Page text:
Snoop Dogg doesn't understand photography copyrizzle

Snoop Dogg
(Image credit: Instagram @Worldstar)

If you take a photograph of somebody, that picture doesn't actually belong to you. Instead, what you're doing is borrowing that person's likeness. Which means that not only can that person use the picture without paying you, but they should be immune from being sued for doing so – and in fact, they should get paid simply for being in it. 

That's the world according to Calvin Broadus, aka Snoop Dogg. The hip-hop superstar was commenting on the lawsuit brought against fellow rapper Nas (Nasir bin Olu Dara Jones) by photographer Al Pereira.

Nas infringed Pereira's copyright when he uploaded a famous photo of himself to his Instagram account, pictured with with rappers 2Pac (Tupac Shakur, now deceased) and Redman (Reginald Noble) taken by the photographer in 1993.

"How is a motherf**ker suing Nas for a picture that he in?" barked Snoop in a video posted to WorldStar Hip Hop (below). You photographers done lost your motherf**king rabbit-ass minds, motherf**ker. 

"When you take a picture of a n**ger, that picture ain't yours – that's a mere likeness situation. You're borrowing my likeness. How you gon' sue Nas for a picture that he in? We need some new laws to help us as artists, man, because there's a bunch of motherf**kers selling pictures with my face on it and I don't get shit. Cause they took the picture. Can anybody help me with that? Just a basic question." 

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Indeed it is a basic question, Mr Dogg, and we can in fact help you with it. Unless agreed otherwise, the copyright of a photograph belongs to the photographer who captured it. And insofar as likeness rights go, when someone is in a public space, no permissions or likeness agreements are required by law.

Of course, Instagram users also chimed in with their own 'help'.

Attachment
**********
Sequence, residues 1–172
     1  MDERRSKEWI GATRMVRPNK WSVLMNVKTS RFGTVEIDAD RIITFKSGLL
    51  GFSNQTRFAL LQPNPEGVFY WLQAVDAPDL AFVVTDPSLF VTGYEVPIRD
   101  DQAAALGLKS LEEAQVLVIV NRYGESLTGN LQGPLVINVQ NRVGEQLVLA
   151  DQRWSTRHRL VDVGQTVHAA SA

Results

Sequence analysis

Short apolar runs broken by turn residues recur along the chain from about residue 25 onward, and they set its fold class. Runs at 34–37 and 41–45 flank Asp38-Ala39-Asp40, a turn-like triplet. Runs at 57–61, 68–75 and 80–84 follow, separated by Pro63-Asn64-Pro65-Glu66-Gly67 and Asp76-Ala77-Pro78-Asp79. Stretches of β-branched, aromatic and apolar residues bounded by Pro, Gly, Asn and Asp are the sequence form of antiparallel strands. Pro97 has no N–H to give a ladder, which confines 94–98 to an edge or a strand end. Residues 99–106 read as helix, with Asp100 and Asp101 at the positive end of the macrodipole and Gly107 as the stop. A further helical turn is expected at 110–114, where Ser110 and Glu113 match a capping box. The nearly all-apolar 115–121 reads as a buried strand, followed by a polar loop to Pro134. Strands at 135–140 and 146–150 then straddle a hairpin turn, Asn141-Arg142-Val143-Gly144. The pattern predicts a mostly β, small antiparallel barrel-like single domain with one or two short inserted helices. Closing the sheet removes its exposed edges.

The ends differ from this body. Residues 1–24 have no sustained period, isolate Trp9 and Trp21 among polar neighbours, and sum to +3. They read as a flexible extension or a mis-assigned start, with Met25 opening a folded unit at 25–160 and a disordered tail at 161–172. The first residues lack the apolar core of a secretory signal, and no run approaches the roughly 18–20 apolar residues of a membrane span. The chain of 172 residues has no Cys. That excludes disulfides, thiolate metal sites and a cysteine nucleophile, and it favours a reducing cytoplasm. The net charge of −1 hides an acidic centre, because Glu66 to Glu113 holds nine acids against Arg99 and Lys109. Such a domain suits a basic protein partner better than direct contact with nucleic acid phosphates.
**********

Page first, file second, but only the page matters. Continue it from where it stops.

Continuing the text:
"Possession is nine tenths of the law.. they possess the picture or file they own it.. stop confusing the youth" said "If thats the case Barbers should be able to sue for haircuts that are in celeb pictures too" added truththebarberartist.

Others had a slightly better grip on the facts. "Your argument is like saying when you rap on a beat, those words aren't yours," noted gadgetsjon. "Did you invent English? No. You're just 'borrowing the language'. Doesn't make sense does it?" Perhaps de.nnis8324 had the best advice when he simply said, "Take your own pictures then." (In which case, we can point you towards the best cameras for Instagram (opens in new tab).)

Sorry, Snoop. Perhaps, as you noted with the title of your sixth album, sometimes you've just got to pay the cost to be the boss.

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James Artaius

The editor of Digital Camera World, James has 21 years experience as a magazine and web journalist and started working in the photographic industry in 2014 (as an assistant to Damian McGillicuddy, who succeeded David Bailey as Principal Photographer for Olympus). In this time he shot for clients as diverse as Aston Martin Racing, Elinchrom and L'Oréal, in addition to shooting campaigns and product testing for Olympus, and providing training for professionals. This has led him to being a go-to expert for camera and lens reviews, photographic and lighting tutorials, as well as industry analysis, news and rumors for publications such as Digital Camera Magazine (opens in new tab)PhotoPlus: The Canon Magazine (opens in new tab)N-Photo: The Nikon Magazine (opens in new tab)Digital Photographer (opens in new tab) and Professional Imagemaker, as well as hosting workshops and demonstrations at The Photography Show (opens in new tab). An Olympus and Canon shooter, he has a wealth of knowledge on cameras of all makes – and a fondness for vintage lenses and instant cameras.